Posted on October 16 2016
Pure gold is too soft and malleable on its own, so it must be mixed with one or two “base metals” for use in fine jewelry. The result is a harder, stronger alloy, one that can be fashioned into complex and intricate jewelry designs and better withstand everyday wear and tear.
To achieve the tantalizingly blush-pink, sometimes apricot hue, of rose gold, yellow gold is blended with copper—the greater the copper content, the deeper and rosier the color. Like yellow and white gold, rose gold is offered in 14k and 18k variants—in general, you'll pay more for 18k gold because the alloy contains a higher percentage of gold (75 percent on average).
As you’ll see in this slideshow, rose gold doesn’t automatically make for an over-the-top feminine look—on the contrary, rose gold actually has tons of modern cachet and lends itself well to engagement rings with clean, architectural lines. While an increasing number of jewelry designers now offer rose gold as an option, it continues to stand out as the ultimate alternative metal choice. That is, for the bride who says "none of the above" when faced with the usual white and yellow metals.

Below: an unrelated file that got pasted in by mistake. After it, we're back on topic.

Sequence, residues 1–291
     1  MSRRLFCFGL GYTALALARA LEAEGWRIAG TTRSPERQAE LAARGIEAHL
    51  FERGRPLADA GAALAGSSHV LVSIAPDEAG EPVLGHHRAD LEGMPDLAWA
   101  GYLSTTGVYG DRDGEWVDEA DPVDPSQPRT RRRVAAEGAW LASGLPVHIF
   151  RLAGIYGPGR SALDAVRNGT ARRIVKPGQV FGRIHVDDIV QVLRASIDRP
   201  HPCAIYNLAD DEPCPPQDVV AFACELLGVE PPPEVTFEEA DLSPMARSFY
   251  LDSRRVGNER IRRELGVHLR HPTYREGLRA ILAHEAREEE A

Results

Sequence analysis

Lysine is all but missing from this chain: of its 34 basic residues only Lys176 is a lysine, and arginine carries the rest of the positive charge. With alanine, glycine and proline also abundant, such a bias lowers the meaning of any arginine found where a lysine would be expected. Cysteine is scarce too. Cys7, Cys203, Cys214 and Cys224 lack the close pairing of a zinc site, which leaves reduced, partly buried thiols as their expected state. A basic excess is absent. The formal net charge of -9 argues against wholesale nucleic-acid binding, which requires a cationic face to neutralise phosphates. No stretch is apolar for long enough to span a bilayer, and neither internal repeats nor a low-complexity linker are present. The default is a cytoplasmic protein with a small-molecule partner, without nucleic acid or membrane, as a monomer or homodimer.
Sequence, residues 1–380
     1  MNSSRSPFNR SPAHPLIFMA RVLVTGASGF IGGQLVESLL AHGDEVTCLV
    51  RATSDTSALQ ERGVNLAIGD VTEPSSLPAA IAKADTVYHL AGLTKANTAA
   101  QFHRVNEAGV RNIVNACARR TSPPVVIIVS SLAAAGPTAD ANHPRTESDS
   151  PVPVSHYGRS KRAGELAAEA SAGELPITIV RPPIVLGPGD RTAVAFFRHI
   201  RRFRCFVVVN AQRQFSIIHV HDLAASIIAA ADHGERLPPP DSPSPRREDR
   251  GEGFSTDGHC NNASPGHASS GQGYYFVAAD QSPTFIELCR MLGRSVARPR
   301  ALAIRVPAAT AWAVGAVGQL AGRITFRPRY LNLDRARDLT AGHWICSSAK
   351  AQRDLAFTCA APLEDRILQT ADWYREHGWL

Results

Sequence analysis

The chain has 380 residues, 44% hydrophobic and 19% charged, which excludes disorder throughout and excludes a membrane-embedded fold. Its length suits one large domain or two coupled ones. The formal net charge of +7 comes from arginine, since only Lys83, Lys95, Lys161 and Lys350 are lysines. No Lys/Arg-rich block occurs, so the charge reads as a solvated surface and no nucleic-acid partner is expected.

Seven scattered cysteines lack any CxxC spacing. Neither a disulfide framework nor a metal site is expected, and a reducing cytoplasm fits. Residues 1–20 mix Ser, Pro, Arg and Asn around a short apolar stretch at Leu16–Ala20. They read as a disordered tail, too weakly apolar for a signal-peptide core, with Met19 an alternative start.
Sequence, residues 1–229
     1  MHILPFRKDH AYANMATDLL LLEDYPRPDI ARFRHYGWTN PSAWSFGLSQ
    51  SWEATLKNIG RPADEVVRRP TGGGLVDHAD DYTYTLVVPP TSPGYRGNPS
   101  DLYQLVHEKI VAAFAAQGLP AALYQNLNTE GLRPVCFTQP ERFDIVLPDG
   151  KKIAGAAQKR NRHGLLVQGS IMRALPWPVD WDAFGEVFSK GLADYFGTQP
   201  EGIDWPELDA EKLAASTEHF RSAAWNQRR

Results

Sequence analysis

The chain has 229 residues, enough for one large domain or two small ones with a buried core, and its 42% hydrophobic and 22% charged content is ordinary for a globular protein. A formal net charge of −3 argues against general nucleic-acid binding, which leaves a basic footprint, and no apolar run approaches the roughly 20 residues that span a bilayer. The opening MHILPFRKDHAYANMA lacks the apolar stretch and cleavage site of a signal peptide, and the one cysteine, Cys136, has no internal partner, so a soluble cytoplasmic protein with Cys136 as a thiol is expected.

But of course rose gold is always going to appeal to brides with a romantic sensibility, to say nothing of the metal's ability to flatter every skin tone.
You’ll notice a similar effect when you start trying on wedding gowns. Those with slightly blush (or full-on pink) undertones tend to warm up your skin with a rosy glow. Instantly.
Rose gold also complements certain colored gemstones in remarkably striking ways, pink diamonds being the consummate example. But note, too, how rose gold enhances the beauty of, say, this Paraiba tourmaline, this stunning mauve Malaya garnet, this smoldering spinel or these rubies. And wait till you see the pale pink oval morganite by Maria Perry that we include in our edit (slide #2).
Now that we have you properly thinking pink, it's time explore the possibilities, starting with the sunburst-like diamond engagement ring shown above...